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In buying "classic" commemoratives, I would expect that you will have a much easier time buying them than when you go to sell them, especially in the grades you mention. I understand that there are some collectors of circulated commemoratives but given that a substantial minority or maybe even a majority in some instances are mint state, I doubt it is many.

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Virtually all of the commemorative half dollars from the 1930s are quite often seen in Mint State. If fact some issues from the mid to late 1930s are far more common in Choice to Gem Mint State (MS-63 to MS-65-66) than the circulated grades. The reason was that these coins were sold to collectors who knew how to preserve them.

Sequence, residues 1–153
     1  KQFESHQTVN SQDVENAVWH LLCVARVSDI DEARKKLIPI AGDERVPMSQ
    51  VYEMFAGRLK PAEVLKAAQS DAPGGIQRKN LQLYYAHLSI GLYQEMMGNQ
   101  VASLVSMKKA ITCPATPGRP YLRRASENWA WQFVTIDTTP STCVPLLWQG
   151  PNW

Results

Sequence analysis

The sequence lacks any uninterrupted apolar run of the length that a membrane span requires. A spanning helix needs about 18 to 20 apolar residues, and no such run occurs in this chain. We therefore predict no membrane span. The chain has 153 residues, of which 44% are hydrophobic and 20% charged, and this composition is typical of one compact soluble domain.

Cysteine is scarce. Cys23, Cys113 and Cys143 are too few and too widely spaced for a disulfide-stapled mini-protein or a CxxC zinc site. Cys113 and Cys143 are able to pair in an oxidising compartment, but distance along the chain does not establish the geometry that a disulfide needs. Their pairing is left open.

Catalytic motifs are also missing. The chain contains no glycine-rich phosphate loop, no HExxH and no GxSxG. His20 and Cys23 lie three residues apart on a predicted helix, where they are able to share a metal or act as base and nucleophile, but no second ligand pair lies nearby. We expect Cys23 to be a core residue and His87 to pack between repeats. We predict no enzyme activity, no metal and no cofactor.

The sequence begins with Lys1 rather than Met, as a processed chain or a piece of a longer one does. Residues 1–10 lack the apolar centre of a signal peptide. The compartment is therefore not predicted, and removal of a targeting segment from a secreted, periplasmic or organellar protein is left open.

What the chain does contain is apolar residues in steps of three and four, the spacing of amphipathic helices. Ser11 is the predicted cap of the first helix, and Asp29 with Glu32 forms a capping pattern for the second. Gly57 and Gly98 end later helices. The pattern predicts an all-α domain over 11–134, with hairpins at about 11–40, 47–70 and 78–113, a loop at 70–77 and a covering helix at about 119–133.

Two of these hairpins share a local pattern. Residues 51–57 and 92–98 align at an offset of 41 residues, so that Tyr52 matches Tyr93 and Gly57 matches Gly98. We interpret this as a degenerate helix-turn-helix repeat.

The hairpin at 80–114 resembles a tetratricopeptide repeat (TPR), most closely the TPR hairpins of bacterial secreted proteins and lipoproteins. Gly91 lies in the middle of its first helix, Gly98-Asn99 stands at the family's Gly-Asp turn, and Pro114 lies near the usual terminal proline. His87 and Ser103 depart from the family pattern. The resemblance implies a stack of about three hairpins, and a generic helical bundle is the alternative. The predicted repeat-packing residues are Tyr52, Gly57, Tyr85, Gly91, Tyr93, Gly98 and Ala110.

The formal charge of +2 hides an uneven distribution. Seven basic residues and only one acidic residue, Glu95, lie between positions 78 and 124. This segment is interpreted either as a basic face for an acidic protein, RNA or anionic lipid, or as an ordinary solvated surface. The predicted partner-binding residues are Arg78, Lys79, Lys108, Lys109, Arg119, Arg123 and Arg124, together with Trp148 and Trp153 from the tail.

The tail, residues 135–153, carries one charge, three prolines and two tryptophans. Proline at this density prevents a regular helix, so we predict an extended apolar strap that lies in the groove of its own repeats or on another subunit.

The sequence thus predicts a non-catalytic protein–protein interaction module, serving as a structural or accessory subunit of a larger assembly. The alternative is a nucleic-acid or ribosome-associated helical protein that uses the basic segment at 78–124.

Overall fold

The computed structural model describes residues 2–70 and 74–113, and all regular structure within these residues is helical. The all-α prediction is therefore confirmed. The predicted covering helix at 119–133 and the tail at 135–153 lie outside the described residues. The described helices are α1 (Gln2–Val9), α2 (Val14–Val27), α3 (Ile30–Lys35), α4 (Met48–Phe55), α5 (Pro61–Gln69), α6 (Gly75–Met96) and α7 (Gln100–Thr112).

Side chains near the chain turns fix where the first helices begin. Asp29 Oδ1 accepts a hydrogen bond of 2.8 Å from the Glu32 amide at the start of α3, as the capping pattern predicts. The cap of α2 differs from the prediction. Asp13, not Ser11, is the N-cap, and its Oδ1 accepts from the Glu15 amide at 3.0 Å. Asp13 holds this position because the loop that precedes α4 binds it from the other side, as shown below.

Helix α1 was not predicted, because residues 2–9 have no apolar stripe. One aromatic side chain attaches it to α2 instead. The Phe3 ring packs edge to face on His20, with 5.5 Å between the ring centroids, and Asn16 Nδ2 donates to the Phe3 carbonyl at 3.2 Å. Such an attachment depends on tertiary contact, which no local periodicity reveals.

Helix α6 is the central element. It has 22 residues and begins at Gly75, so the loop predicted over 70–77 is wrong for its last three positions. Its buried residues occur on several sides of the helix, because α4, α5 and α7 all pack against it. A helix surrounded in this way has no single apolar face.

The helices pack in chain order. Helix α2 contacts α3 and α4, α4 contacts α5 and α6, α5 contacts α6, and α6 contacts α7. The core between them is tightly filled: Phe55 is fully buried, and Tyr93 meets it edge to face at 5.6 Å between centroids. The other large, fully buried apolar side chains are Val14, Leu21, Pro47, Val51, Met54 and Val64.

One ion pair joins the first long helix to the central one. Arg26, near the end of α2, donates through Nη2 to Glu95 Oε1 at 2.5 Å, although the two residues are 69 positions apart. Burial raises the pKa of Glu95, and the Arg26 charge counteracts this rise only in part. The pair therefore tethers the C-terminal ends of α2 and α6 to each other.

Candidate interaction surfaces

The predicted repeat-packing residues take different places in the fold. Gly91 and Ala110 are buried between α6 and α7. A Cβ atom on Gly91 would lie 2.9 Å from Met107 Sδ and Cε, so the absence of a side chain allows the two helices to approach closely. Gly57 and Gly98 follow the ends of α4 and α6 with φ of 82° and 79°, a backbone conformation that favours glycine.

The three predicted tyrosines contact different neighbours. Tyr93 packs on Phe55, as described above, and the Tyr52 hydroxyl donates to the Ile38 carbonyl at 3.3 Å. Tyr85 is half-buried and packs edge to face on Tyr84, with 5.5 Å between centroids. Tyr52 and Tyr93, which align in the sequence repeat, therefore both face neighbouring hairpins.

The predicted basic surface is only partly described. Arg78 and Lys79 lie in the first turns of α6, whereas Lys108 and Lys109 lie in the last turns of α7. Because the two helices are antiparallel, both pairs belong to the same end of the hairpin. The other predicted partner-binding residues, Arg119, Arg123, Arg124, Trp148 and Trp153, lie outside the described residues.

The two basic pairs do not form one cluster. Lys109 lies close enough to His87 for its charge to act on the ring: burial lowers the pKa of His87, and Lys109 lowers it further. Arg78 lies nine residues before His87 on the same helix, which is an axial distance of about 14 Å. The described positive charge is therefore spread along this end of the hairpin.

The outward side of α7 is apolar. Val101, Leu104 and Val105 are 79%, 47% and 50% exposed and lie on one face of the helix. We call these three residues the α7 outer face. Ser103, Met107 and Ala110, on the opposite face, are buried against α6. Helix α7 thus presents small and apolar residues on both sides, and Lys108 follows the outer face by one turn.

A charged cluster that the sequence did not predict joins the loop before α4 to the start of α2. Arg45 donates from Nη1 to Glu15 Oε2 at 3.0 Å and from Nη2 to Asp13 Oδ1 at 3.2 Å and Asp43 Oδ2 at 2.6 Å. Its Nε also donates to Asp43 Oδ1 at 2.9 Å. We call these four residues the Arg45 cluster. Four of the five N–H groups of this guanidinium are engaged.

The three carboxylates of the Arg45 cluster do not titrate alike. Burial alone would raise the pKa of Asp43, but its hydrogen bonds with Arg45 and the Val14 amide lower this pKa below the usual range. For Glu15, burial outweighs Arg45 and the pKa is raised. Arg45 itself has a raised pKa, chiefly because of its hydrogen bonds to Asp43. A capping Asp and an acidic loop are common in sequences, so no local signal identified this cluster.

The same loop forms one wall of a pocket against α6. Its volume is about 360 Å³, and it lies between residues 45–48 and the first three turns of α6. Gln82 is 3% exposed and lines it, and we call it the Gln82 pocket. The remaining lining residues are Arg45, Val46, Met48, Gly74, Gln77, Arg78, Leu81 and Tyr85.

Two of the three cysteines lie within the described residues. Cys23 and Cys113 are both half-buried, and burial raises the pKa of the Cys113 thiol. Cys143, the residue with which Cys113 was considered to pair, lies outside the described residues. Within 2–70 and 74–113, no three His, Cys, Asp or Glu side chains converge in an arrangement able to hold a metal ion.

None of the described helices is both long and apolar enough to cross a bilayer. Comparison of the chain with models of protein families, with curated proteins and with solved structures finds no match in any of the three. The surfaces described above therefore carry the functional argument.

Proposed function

Only selected pieces from 1900 to the 1920s have any real value in the circulated grades. These include the Lafayette Dollar, the Panama – Pacific half dollar, the Missouri half dollars, the Grant with Star and the Alabama half dollars. Other pieces like Grant No Star and the Lincoln-Illinois are cheap enough in Mint State to make the purchase of a circulated piece less than a great move. The gold commemorative dollars and $2.50 coins are scarce in all grades, but mostly collected in Mint State.


Generally the “old” commemorative coins are collected in NGC or PCGS holders in Mint State condition.